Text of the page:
What is the LSAT?

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The Law School Admissions Test, also known as the LSAT, predicts future lawyers’ success in law school.

A great LSAT score is one of the most valued markers in any law school application, so it’s important to fully understand the exam and how to prepare for it.

Summary: Review everything you need to know about the LSAT. If you want to begin studying, use a best LSAT prep course.

What is the LSAT?

The LSAT is a standardized test taken by anyone who wishes to apply to law school.

While some schools may accept other tests, the LSAT is the gold standard when it comes to law school applications, and anyone planning on going to law school should consider taking it.

You can use our free practice LSAT to prepare for the exam.

How Many Questions are on the LSAT?

The LSAT is made up of 4 main sections, with a total number of questions between 99-102 multiple-choice questions.

The number of questions in each section varies between 22-28 questions (except for the writing portion, which is an argumentative response).

How Long is the LSAT?

Each of the sections on the LSAT is 35 minutes (plus 35 minutes to complete the writing sample), for a total time of just under 3 hours.

Here is a quick breakdown of how long each section will take:

LSAT SectionTime Limit# of Questions
Logical Reasoning35 minutes24-26
Logic Games35 minutes22-24
Reading Comprehension35 minutes26-28
Variable (Unscored)35 minutes22-28
Writing Sample35 minutes 

What is on the LSAT?

The sections on the LSAT will test your ability to perform certain tasks, solve complex problems, and draw conclusions.

Each section is also weighted separately, with some sections not scored at all.

Here’s what you can expect from each LSAT section:

LSAT SectionWeightComposition
Logical Reasoning33%1 section
Analytical Reasoning (“Logic Games”)31%1 section – 4 “games”
Reading Comprehension36%1 section – 4 passages
Variable (Unscored)0%Either: analytical reasoning, logical reasoning, or reading comprehension
Writing Sample0%1 argumentative essay

Logical Reasoning Section Breakdown

The Logical Reasoning section of the LSAT tests your ability to quickly analyze and critique a given narrative.

You will be tasked with reading short passages and answering multiple-choice questions about each one.

It is important to note that there are 4 main passages and each passage has 5-8 questions that reference the main question.

Analytical Reasoning Section Breakdown

The Analytical Reasoning section, also known as “Logic Games,” will pose questions to you based on complex or ambiguous passages.

While this is often the most dreaded section amongst test-takers, it comes in a familiar multiple-choice format.

It is important to note their are 4 logic games with each game having 5-8 corresponding questions.

Reading Comprehension Section Breakdown

The Reading Comprehension portion of the exam consists of questions based around 4 passages:

  • 3 passages with one author
  • 1 combination of passages from different sources

You will be tasked with answering multiple-choice questions based on each passage. The questions will gauge your ability to draw inferences, determine main ideas, and understand difficult and scholarly language.

Variable Section Breakdown

The Variable, or “Experimental” section of the LSAT is not scored, but you will not be aware which section is experimental.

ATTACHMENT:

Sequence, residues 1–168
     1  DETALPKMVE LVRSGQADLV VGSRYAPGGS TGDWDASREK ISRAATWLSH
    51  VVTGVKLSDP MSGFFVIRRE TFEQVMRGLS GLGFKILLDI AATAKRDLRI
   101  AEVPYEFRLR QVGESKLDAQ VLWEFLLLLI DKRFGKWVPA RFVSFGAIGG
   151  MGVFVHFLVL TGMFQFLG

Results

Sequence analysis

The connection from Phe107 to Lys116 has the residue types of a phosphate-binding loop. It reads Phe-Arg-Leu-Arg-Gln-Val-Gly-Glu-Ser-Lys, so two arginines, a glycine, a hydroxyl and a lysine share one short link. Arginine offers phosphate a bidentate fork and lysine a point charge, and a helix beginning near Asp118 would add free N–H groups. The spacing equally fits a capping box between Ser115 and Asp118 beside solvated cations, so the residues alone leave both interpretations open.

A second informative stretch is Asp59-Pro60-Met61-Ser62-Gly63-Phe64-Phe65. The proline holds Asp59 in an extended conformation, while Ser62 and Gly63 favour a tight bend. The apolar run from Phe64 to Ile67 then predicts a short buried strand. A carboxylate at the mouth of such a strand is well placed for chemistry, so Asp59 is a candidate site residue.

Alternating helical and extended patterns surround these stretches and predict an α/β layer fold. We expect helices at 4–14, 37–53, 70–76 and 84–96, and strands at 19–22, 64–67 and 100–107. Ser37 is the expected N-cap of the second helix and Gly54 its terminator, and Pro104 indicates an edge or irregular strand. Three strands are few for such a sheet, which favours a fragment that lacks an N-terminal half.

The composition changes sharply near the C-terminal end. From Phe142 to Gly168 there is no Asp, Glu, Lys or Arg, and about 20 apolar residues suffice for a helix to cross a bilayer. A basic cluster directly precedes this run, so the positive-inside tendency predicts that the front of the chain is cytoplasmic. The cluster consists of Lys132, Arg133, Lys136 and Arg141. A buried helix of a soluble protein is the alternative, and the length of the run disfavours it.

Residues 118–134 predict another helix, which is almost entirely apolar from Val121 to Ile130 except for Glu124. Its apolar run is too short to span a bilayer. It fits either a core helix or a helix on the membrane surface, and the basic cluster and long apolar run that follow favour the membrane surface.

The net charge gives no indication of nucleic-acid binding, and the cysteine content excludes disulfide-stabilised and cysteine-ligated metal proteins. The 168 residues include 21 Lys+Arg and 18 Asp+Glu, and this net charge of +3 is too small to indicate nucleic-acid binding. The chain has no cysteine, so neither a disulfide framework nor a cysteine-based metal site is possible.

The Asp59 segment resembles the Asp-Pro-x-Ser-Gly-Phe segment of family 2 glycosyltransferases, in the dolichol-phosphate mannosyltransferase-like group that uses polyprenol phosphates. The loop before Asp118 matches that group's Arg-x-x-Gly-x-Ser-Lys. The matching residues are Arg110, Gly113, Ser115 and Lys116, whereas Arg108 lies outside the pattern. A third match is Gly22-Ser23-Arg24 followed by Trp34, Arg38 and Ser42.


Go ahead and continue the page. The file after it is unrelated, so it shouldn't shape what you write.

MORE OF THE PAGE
This may consist of an extra logical reasoning, analytical reasoning, or reading comprehension section.

This section is used by the LSAC for testing out new questions to see how they perform.

Writing Sample Section Breakdown

The Writing section of the LSAT is not scored per se, but it is still relevant to your law school application. You are not given a numerical score on your essay, but it will be submitted along with your other application materials and will be reviewed by an admissions team.

Test takers are allowed to complete the Writing portion of the exam separately, and can be submitted up to 8 days prior to your scheduled exam.

For more information on the exam, read through the FAQs on the official site.

How is the LSAT Scored?

There are three types of LSAT scores:

  • A Raw Score, or the number of questions you answered correctly
  • A Scaled Score, which is your “final score” and is some number between 120-180
  • A Percentile Score, which compares your scaled score to other test takers

Generally, being admitted into a top law school will require you to score in the 97th percentile or higher. Let’s see how your scaled score translates into an approximate percentile:

LSAT Scaled ScorePercentile

We dove deeper into the ins and outs of LSAT scores in our complete guide.

Registering for the LSAT

The LSAT is administered throughout the year, 1-3 times each month. To register, you will need to create an LSAC account online and must be completed at least one month before your desired test date.

For a complete list of test dates, check out the latest info on LSAT test dates.

The flat fee for taking the LSAT is $200, but there are also several add-ons that you may want to consider, such as:

  • Credential Assembly Service (CAS): $195
  • Law School Report: $45
  • Test Center Change: $125
  • Test Date Change: $125
  • Nonpublished Test Center: $295 (Domestic); $390 (International)
  • Hand scoring: $100

Preparing for the LSAT

Because the LSAT is such an important exam, it can be very stressful. By familiarizing yourself with the exam format with the help of LSAT prep questions, you can boost your confidence while studying at the same time.

There are also a ton of in-depth LSAT programs out there that can provide you with more than just practice tests. Many of these courses offer personalized support and score guarantees.

Morgan Galloway-Daly
Morgan Galloway Daly, J.D. has her Juris Doctorate from Indiana University and is our LSAT expert.